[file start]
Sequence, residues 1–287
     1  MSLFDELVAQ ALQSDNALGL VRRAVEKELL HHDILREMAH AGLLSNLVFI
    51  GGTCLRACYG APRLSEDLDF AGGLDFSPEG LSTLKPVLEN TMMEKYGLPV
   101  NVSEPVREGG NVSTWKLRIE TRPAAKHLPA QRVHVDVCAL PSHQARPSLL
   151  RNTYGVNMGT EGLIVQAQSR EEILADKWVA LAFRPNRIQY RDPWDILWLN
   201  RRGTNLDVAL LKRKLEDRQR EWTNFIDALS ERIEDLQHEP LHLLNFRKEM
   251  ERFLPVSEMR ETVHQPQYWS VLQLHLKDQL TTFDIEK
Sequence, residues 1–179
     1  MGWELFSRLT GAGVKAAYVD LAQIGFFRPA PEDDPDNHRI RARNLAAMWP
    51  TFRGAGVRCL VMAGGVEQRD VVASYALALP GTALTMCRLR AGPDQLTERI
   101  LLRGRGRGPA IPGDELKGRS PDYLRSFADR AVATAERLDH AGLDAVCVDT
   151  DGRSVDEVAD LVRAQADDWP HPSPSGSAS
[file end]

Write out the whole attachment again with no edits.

Sequence, residues 1–287
     1  MSLFDELVAQ ALQSDNALGL VRRAVEKELL HHDILREMAH AGLLSNLVFI
    51  GGTCLRACYG APRLSEDLDF AGGLDFSPEG LSTLKPVLEN TMMEKYGLPV
   101  NVSEPVREGG NVSTWKLRIE TRPAAKHLPA QRVHVDVCAL PSHQARPSLL
   151  RNTYGVNMGT EGLIVQAQSR EEILADKWVA LAFRPNRIQY RDPWDILWLN
   201  RRGTNLDVAL LKRKLEDRQR EWTNFIDALS ERIEDLQHEP LHLLNFRKEM
   251  ERFLPVSEMR ETVHQPQYWS VLQLHLKDQL TTFDIEK
Sequence, residues 1–179
     1  MGWELFSRLT GAGVKAAYVD LAQIGFFRPA PEDDPDNHRI RARNLAAMWP
    51  TFRGAGVRCL VMAGGVEQRD VVASYALALP GTALTMCRLR AGPDQLTERI
   101  LLRGRGRGPA IPGDELKGRS PDYLRSFADR AVATAERLDH AGLDAVCVDT
   151  DGRSVDEVAD LVRAQADDWP HPSPSGSAS